Alan blogAs published in the Atlanta Journal-Constitution

For the first time in years, state leaders are sending signals before the January General Assembly that they might raise revenues to fix a challenge Georgia needs to address, in this case its neglected transportation system. A new legislative committee report outlines a menu of options to raise more money for transportation. I will applaud a responsible fix to the state’s traffic woes now strangling economic development opportunities.

But our education and health care system are no less in need of attention and can play just as critical a role in the state’s ongoing economic recovery.

Schools across Georgia are underfunded by $750 million in the state budget this year, following several years of underfunding at about $1 billion. Meanwhile, Georgia’s rural hospitals teeter on the brink of financial collapse while state lawmakers could toss them a ready lifeline.

Rededicating a penny of Georgia’s fuel tax to transportation from the state’s General Fund is one of the ideas mentioned in the legislative report.

This is akin to an accounting gimmick and would result in several hundred million dollars in additional cuts to the non-transportation sections of the state budget.

Another transportation study committee proposal would increase the state sales tax by one penny.

A sales tax increase is the most efficient way to raise significant revenues.

One worrisome idea floated is to combine a sales tax increase with an income tax cut. That would raise taxes on middle and lower income Georgians while handing a significant tax cut to higher income Georgians.

Such a tax cut would divert money from education and other initiatives important to job growth with little benefit to the state’s economic development.

The responsible thing to do is to tackle a few of the state’s biggest challenges head on, at the same time.

Improved education funding must be a priority this year. The state’s own formula called for it to spend an additional $8.3 billion on public schools since 2002. School districts across Georgia still furlough teachers and have shortened calendars.

Georgia should close the health insurance coverage gap this year by accepting the billions of dollars available through the Affordable Care Act. Federal money can cover 100 percent of the cost to close the gap the next two years and at least 90 percent in future years. Expanding Medicaid income eligibility is the right thing to do for hundreds of thousands of Georgians and the countless communities that depend on rural hospitals.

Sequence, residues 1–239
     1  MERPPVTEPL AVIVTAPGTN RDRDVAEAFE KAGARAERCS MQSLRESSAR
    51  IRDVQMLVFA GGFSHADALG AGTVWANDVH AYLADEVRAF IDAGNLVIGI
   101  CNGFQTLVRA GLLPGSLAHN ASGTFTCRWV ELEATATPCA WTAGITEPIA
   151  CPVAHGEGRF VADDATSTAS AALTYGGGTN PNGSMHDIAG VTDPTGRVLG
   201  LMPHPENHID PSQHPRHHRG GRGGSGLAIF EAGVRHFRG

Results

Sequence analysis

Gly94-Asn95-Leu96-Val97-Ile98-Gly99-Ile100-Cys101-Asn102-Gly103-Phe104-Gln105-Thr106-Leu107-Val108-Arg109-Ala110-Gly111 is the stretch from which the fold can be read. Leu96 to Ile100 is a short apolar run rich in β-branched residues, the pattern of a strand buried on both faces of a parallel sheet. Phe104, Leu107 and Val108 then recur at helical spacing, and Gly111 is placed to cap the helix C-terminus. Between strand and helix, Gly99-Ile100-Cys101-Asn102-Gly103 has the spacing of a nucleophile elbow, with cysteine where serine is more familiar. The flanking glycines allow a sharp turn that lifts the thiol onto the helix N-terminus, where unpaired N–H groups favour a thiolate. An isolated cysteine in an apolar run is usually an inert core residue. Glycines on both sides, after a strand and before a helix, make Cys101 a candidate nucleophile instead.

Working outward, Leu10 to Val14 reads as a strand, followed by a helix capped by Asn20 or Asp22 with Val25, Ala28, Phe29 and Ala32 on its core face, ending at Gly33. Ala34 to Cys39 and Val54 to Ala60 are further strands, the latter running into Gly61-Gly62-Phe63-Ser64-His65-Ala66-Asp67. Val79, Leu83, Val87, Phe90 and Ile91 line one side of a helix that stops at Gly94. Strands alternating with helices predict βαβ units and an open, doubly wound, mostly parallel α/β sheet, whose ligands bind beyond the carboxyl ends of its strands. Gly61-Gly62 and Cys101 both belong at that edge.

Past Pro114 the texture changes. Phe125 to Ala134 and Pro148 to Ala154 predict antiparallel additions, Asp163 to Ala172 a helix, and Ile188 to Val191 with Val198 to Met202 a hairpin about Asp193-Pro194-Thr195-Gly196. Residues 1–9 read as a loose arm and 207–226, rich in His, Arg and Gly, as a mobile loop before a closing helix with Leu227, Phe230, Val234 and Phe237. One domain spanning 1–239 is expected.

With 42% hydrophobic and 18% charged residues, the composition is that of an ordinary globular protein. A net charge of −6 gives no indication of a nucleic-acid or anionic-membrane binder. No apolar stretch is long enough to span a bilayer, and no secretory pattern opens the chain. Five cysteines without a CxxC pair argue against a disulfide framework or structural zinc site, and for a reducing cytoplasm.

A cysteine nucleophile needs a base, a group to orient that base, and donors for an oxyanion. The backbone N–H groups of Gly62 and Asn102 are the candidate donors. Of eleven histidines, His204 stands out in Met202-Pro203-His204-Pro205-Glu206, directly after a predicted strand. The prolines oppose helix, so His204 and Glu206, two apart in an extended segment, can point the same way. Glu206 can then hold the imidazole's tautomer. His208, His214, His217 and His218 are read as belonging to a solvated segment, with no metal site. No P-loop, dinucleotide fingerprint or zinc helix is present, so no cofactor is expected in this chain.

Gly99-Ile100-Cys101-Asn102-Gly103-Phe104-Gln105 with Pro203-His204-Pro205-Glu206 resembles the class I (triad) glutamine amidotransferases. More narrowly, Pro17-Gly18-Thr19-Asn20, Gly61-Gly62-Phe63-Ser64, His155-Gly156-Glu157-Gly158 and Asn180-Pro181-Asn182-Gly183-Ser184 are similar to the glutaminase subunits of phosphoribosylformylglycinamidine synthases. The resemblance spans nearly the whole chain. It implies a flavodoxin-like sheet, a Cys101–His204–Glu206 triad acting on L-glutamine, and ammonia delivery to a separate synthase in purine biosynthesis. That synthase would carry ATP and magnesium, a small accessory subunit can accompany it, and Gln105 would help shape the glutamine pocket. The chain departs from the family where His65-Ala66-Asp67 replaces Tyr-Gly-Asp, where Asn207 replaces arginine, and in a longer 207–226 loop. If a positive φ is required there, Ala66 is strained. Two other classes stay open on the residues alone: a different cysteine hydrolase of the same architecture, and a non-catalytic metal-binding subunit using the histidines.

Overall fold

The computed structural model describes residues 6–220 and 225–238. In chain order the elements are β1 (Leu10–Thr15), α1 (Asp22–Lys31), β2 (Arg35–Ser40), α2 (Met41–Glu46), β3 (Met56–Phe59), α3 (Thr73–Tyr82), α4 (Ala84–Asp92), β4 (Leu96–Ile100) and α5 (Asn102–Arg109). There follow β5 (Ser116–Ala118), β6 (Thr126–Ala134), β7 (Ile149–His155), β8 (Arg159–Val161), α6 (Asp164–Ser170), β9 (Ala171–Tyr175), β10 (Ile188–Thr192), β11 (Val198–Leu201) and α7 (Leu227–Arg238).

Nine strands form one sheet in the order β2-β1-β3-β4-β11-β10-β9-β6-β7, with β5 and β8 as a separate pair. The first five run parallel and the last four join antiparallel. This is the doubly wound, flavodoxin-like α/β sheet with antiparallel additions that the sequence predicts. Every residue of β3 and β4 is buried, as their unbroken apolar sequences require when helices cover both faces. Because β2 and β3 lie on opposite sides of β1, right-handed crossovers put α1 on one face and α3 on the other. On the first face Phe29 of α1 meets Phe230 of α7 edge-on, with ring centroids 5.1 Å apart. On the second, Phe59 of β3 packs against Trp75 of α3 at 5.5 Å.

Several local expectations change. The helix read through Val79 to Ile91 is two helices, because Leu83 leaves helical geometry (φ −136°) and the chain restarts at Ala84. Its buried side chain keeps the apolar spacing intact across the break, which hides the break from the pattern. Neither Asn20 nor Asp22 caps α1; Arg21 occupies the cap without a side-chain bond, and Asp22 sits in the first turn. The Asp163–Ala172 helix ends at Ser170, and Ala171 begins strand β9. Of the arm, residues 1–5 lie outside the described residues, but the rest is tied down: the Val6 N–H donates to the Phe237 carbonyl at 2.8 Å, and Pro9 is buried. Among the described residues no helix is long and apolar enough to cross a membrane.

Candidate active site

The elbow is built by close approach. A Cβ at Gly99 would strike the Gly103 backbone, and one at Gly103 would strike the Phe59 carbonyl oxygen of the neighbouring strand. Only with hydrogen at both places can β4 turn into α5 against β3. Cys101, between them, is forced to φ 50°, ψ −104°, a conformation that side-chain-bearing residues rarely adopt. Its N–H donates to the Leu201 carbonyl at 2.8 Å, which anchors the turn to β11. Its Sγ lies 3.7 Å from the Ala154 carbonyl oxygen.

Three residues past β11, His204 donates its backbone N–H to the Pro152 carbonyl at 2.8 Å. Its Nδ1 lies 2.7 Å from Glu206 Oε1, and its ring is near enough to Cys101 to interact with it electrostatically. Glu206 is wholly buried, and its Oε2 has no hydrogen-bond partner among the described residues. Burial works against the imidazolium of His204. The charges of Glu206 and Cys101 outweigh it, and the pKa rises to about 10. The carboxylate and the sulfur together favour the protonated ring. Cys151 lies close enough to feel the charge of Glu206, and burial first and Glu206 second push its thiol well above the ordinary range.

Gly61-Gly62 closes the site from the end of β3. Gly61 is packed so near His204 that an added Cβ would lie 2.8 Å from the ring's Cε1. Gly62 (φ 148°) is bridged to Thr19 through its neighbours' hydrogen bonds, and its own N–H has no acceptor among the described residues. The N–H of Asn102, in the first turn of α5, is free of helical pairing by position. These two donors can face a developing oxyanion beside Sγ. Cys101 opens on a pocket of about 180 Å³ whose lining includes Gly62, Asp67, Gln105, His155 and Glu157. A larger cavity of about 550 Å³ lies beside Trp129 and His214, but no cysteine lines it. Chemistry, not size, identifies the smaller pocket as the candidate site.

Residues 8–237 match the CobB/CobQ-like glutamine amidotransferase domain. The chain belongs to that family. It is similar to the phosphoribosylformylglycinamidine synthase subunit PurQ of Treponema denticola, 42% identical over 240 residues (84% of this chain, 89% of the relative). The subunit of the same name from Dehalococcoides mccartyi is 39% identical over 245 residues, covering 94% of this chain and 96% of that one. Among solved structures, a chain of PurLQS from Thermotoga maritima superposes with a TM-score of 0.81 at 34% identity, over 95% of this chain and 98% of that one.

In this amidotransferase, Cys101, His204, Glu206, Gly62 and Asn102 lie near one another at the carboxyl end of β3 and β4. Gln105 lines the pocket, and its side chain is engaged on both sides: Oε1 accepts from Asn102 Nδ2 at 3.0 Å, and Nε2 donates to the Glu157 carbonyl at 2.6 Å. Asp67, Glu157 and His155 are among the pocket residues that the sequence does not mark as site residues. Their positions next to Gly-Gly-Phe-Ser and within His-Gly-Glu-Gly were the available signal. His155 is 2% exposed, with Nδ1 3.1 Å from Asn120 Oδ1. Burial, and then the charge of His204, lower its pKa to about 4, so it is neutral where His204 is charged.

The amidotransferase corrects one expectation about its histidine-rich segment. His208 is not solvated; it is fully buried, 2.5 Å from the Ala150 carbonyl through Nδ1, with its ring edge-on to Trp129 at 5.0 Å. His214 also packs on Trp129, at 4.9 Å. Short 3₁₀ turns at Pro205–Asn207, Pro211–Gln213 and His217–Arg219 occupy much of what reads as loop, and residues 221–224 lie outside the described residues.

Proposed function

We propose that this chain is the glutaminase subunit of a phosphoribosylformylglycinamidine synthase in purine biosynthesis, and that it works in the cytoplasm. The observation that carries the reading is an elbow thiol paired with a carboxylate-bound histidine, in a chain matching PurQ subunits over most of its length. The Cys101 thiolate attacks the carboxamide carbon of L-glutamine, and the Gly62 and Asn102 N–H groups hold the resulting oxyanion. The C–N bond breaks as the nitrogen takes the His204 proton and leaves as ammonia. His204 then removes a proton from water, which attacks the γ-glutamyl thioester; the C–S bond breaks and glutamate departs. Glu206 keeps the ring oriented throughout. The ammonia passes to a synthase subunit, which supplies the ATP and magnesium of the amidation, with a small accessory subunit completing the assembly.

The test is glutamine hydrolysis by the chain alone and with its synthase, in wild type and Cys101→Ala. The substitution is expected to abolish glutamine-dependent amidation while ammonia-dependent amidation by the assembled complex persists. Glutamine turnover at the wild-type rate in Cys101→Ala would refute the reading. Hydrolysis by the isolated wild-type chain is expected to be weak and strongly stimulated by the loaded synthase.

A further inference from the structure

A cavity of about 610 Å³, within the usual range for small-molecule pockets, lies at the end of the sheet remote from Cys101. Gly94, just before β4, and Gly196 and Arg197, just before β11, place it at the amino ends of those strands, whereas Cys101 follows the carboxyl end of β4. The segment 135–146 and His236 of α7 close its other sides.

And, yes, Georgia needs to address its transportation mess with increased revenues focused to deliver smart solutions.

Lawmakers could choose to raise gasoline taxes, now among the lowest rates in the country. The committee offered other viable options that raise dedicated revenues without robbing the budget of some other vital state service.

Investments in education, health care, transportation and a wide range of public services are vital to the quality of life in communities across the state. Options to raise revenue in a fair and responsible way include raising cigarette taxes or taxing some services that don’t pay now.

Georgia policy makers should act now while the economy is on the mend. We have a chance to create strong underpinnings for Georgia’s economy and prime it for success for decades to come.

 

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1 thought on “Now’s time for strategic fixes”

  1. Integral to any policy advancements in Georgia is the need to adopt procedures for evaluating policy proposals to determine their likely effects on other aspects of public interest. Current methods are far to fragmented, neglecting important interrelationships with other state interests,both existing and emerging.

    For instance, Georgia’s robust nature-based economy, boosted by tens of billions in annual expenditures related to eco-tourism, recreational fishing, and other outdoor recreation, often incurs the brunt of economic development policies that pay too little attention to these valuable revenues sources. When the General Assembly radically cuts funds for regulatory enforcement and shrinks the ‘no-build’ zone along trout streams and other waterways, we not only suffer a threat to our quality of life that’s dependent on natural resources, but the loss of jobs and tax revenues as nature-based businesses decline.

    Similarly, as the state boasts about high ratings among businesses due to tax benefits and other incentives, Georgians continue to suffer economic insecurity according to national assessments. Home and business foreclosures rank among the nation’s highest and Georgia’s economic recovery has been sluggish compared to most other states. Bank failures have also ranked among the country’s highest due to lax banking regulations, which are also linked to disproportionately over-leveraged loans, often encouraging reckless land-development speculation that takes a serious toll on nature as well.

    Along with enhancing assessment prior to policy adoption, the state needs to become more accountable about the various consequences of policy implementation. Decision-makers cannot learn from their experience, and the public cannot reap the rewards of better public policy, unless such objective assessments are done. Arguably, billions in tax dollars could be saved by improving the availability and accuracy of policy impact assessments. This kind of evaluation will prevent still more counter-productive state investment in failed or ineffectual programs, and if done well, could reveal vitally important connections now being ignored.

    ~ David Kyler, Center for a Sustainable Coast

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